We are overcrowded and do not need anymore office or tech space. Only allow resident useful retail.

16 people like this
Posted by sunshine
a resident of Barron Park
on Aug 3, 2017 at 7:05 am

Retail in Palo Alto is in the pits. We have lost many retail sites. Those that are now gone were among the best and they have been replaced either with yet another chain restaurant or retail that does not fit the area needs or wants.
This site must be replaced with another retail unit. It might require the owner of provide some upgrades. That would be welcome.
There are too many exercise/fitness places in Palo Alto now. Such places should be placed on side streets, not in retail areas. Main downtown areas should have retail that encourages shoppers to come in. I certainly do not want to watch people sweat through the large plate glass windows. I want to see interesting retail items.
Palo Alto has consistently discouraged retail--art, book, household supply stores and many related enterprises to leave the city. The City should work to bring these back to California Ave, El Camino, and University Ave. The Exercise places and professional offices should be located on the side streets or in small shopping centers. Similarly, restaurants should be on the second floor or a side street.
The site under discussion needs another full service pet supply place, similar to Pet Depot. I now must drive to Mt View to purchase what I need for my cat.

2 people like this
Posted by Gale Johnson
a resident of Adobe-Meadow
on Aug 3, 2017 at 1:38 pm

Don't beat your heads against the wall...arguing for retail in that location. Why spend so much time and effort supporting retail that is destined to fail there? Another pet store? must not know about the store at Charleston Center right here in PA. Check it out. You don't have to drive to MV. Approve the request on the 'consent calendar' and move on to the many more important and pressing issues in our town. Wow! That was a long recess. We only got 15 minutes when I went to school. lol! I hope CC members had good vacations and are well rested to tackle all the problems ahead. But, beware...I'll be watching and listening! Another election cycle is coming up.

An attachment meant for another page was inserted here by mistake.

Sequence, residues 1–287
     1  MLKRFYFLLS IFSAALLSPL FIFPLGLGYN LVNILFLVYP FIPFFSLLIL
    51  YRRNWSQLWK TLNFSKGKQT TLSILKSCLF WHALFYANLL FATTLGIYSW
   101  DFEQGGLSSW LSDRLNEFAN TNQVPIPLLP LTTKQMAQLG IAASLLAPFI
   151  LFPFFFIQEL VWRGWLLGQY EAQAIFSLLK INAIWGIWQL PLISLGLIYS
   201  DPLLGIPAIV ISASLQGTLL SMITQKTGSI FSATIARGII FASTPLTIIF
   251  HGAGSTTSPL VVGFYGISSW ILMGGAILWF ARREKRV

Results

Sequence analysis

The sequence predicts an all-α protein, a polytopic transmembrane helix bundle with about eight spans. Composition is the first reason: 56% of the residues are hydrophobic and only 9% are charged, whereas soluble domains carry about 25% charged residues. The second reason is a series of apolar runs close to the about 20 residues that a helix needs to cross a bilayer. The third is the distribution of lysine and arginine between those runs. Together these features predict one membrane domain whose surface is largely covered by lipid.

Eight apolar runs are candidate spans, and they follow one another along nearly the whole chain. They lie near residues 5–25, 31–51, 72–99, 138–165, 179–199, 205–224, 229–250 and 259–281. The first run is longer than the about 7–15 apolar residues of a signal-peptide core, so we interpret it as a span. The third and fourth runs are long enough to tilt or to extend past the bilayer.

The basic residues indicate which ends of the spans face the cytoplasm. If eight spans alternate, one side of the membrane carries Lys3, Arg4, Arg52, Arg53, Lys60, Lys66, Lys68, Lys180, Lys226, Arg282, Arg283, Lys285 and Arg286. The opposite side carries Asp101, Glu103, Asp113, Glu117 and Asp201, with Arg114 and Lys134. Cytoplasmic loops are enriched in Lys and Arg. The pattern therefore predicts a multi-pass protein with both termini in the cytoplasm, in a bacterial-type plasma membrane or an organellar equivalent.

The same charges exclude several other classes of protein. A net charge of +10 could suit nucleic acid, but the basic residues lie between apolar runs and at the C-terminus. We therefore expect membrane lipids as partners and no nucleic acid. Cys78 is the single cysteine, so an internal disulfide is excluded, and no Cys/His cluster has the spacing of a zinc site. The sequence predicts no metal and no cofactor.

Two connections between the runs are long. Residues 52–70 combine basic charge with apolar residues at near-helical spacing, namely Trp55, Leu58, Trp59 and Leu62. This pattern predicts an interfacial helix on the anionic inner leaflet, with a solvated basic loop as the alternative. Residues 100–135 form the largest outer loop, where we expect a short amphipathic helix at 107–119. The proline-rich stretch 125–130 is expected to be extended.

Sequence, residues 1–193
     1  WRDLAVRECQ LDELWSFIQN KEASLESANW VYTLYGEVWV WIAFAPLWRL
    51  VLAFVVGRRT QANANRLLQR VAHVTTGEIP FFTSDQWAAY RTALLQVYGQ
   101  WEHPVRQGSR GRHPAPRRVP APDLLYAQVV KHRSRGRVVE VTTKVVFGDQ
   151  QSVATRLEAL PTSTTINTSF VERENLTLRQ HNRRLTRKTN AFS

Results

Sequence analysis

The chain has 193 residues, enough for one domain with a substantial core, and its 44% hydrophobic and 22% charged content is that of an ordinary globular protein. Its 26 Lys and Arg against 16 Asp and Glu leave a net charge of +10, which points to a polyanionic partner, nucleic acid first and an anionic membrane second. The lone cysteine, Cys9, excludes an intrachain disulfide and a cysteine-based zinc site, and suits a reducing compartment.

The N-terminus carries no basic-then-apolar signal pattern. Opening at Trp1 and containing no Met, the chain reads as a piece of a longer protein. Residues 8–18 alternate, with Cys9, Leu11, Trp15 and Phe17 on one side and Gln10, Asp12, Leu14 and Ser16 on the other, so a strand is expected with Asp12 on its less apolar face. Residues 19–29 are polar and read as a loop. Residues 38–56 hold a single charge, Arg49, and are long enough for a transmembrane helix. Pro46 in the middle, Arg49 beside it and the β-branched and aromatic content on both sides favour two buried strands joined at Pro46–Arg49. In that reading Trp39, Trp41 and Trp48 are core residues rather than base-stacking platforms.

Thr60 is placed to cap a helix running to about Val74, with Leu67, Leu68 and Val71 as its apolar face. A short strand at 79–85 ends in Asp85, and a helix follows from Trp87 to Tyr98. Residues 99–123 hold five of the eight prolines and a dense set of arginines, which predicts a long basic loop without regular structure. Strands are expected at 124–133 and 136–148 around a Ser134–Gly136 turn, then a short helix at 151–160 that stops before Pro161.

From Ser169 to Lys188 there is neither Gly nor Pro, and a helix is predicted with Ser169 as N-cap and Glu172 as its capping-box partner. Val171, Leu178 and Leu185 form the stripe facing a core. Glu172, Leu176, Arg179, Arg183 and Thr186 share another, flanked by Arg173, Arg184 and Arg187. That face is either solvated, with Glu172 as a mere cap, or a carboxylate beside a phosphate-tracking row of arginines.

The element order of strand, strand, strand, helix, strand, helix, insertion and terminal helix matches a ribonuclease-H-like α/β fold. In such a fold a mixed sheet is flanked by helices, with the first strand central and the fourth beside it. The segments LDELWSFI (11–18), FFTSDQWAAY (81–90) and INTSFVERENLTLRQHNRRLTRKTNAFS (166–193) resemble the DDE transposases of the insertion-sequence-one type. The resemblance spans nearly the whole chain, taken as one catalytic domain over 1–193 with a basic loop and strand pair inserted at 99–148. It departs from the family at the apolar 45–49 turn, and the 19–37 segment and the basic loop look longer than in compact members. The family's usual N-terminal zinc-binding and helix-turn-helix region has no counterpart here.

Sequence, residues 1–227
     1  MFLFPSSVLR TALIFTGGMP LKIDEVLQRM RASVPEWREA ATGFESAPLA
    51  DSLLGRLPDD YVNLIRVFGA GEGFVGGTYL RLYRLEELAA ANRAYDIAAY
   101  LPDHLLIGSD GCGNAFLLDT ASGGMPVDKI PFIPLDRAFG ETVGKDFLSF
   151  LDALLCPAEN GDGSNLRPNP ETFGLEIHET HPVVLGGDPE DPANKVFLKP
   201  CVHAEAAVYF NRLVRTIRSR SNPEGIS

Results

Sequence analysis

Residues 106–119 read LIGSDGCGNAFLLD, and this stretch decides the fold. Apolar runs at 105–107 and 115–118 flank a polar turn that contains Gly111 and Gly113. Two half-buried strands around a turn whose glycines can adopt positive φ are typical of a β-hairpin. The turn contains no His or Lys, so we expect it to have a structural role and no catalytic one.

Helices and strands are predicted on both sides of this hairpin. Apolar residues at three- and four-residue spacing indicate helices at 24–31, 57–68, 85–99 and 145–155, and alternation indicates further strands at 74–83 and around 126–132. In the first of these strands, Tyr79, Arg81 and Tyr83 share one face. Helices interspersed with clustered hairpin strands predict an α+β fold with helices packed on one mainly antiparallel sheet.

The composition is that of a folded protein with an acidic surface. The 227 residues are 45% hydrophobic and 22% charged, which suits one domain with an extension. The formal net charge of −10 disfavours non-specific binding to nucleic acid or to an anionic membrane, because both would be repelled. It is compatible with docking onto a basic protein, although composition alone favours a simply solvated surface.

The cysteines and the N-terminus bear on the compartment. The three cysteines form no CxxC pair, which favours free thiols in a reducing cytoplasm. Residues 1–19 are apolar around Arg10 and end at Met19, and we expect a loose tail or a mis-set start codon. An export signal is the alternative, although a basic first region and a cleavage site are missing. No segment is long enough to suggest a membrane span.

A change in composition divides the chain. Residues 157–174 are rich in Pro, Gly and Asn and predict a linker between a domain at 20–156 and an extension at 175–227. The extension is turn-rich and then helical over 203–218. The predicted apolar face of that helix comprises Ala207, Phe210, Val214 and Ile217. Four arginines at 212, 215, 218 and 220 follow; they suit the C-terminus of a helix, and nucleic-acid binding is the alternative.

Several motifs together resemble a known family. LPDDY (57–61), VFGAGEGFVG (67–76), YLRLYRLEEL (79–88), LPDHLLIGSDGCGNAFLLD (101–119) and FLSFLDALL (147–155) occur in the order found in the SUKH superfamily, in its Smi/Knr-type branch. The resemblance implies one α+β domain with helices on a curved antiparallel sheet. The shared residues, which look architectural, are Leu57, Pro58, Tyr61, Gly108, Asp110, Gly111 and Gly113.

3 people like this
Posted by PAmom
a resident of Mayfield
on Aug 3, 2017 at 1:53 pm

I like the climbing gym idea. With a kids section. We need more indoor stuff like that especially since the parks are getting overcrowded. And when the weather is bad there's not place to do indoors around here or it's just overcrowded. The town is becoming very unfamily friendly. CLIMBING GYM! CLIMBING GYM!

9 people like this
Posted by Exceptions galore
a resident of Downtown North
on Aug 3, 2017 at 4:38 pm

> at 537 Hamilton the Smiths got a Design Exception, density bonuses with TDR's requiring only 19 parking spaces instead of 58 spaces using mechanical lifts for 10 of the spaces. The staff has never answered the question of whether the lifts are practical and are actually being used. <

At the Planning Commission it was mentioned that the lifts don't work for parking. We can hope they will eliminate that subterfuge.

19 spaces where 58 were required for that glass box. Cool move, Mr Smith.

3 people like this
Posted by Exceptions galore
a resident of Downtown North
on Aug 5, 2017 at 1:15 pm

For a *partial* glimpse of Boyd Smith's enormous wealth, he is asking for exceptions to zoning, see Web Link
-scroll to the bottom of the page.

Not to mention his holdings in billion dollar WSJ Properties, 3201 Ash St.
WSJ owns many properties around Fry's Electronics.

It will be interesting to watch which council members vote to give zoning exceptions to billionaires at the Aug. 14 meeting.